Sarah-Jane Norman is an indigenous Australian artist who was raised by spiritualist parents. Her upbringing has led her to a lifelong fascination with the paranormal. Her mother was a spiritual medium and her father had a vast library on Alistair Crowley and taught her to dowse with a pendulum at the age of eight. Her artwork has an explicitly hauntological postcolonial approach to performance, installation and video, and in her work Terra Nullius Norman stitched the Latin word ‘nullius’ to her chest, from the phrase ‘Terra Nullius’ which was used by Europeans to describe Australia as without inhabitants and to justify and legitimize colonization of the continent. Norman draws an analogy to the mysterious inside of both the large continent of Australia by white explorers and the inside of the female body. Norman says in relation to her work Hokum: “… ectoplasm images are particularly interesting, insofar as they represent the female body in a state of (staged) sensational, abject rapture, white muslin flowing from noses and vaginas, completely undercutting the morality of the day.”1 Norman works with mediumistic ectoplasm in film, video and telecine in Hokum. Historically ectoplasm has been performed and simulated using mesh-like gauze, like gooey, crumpled and interfolded forms that are like unnatural wo/man-made psychic mesh or slime moulds emerging from bodily orifices. Norman’s performance artwork is informed by her interest in the occult, the milieu of xenofeminist sex-positive politics and indigenous techniques of healing.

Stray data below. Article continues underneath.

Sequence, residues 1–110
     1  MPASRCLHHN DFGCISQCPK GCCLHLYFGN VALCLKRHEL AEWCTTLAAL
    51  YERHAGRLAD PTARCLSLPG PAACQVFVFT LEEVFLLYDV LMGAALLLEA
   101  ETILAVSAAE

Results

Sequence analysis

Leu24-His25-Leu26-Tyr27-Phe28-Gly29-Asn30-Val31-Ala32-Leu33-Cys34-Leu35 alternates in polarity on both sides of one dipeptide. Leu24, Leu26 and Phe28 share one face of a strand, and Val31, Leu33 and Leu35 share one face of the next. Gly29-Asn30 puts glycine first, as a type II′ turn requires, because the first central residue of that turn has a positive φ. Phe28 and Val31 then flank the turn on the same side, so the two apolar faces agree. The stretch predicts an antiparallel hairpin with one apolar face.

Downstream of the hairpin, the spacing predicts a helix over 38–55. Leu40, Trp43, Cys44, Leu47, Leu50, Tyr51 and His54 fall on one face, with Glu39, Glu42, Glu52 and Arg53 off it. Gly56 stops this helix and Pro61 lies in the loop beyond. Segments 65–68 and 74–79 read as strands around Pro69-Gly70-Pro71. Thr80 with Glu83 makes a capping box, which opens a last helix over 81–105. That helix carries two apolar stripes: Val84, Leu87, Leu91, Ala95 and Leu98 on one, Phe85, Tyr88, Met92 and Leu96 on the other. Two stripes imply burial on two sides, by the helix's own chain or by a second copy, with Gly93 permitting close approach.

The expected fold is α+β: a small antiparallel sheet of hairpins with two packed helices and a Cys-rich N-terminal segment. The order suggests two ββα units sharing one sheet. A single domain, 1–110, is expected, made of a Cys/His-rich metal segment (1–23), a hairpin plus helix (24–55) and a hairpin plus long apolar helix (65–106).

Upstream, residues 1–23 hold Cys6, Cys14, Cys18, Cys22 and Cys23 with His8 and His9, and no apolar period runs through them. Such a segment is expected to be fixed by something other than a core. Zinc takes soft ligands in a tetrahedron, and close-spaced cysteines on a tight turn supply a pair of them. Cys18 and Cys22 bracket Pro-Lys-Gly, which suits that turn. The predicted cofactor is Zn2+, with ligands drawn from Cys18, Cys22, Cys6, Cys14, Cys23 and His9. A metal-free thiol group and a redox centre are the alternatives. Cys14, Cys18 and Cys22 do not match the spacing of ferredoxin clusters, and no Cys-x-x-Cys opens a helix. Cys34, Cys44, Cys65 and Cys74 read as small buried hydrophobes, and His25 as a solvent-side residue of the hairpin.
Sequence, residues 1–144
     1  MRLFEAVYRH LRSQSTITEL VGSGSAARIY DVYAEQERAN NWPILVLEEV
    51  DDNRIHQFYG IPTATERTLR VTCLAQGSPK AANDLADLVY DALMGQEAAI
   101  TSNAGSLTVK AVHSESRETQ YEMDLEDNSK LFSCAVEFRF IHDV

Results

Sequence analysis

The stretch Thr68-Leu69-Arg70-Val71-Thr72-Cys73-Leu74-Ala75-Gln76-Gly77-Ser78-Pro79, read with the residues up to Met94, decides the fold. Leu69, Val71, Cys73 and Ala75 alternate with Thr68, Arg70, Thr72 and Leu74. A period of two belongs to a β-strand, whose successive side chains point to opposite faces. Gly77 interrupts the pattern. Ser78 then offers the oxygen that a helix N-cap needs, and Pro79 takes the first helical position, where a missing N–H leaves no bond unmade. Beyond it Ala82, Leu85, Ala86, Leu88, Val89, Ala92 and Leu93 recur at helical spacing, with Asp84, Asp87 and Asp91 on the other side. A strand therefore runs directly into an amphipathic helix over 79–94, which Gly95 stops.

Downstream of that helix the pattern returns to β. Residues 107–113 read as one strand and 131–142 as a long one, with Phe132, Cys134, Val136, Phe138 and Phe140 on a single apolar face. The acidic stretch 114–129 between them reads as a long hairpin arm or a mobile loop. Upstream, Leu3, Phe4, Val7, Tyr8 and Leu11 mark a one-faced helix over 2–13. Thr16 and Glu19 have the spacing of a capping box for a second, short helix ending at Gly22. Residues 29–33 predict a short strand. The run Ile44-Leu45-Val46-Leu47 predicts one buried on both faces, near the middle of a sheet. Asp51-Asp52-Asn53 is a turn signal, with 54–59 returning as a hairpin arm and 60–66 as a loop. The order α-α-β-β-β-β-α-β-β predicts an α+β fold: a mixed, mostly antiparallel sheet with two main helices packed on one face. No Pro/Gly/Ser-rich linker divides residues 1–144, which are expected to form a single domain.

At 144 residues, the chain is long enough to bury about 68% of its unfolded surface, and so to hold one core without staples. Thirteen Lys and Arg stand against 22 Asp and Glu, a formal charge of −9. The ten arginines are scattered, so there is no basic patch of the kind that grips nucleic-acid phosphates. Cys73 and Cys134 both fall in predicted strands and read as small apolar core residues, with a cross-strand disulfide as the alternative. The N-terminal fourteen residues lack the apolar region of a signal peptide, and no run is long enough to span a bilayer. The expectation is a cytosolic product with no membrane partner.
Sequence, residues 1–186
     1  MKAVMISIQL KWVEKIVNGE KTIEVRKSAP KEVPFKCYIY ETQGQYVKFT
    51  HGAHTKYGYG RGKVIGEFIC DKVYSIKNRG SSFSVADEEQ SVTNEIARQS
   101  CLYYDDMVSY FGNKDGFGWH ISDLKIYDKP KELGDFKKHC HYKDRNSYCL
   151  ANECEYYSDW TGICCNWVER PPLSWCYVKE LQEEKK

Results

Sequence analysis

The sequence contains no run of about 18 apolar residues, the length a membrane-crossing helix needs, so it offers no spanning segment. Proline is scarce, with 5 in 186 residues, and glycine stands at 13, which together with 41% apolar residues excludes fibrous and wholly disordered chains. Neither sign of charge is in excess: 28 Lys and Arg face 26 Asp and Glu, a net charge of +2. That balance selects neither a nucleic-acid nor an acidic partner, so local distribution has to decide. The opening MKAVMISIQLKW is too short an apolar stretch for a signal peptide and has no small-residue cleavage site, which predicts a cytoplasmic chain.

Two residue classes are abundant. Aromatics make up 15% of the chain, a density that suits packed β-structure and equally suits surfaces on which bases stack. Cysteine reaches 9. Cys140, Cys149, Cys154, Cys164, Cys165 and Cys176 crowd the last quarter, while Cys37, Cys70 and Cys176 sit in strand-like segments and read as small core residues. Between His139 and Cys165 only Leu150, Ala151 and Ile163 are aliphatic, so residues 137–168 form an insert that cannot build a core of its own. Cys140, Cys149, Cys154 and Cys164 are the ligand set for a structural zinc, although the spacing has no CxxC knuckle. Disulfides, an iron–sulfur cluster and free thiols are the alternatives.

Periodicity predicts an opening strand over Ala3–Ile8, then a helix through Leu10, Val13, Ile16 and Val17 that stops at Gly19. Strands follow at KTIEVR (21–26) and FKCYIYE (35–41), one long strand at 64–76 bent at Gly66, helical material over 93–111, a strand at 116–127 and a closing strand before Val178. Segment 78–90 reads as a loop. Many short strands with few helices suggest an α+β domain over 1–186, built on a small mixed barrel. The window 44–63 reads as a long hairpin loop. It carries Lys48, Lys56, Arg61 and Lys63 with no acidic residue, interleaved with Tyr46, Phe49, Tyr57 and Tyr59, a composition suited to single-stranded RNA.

1. Email from Sarah-Jane Norman, January 28, 2014.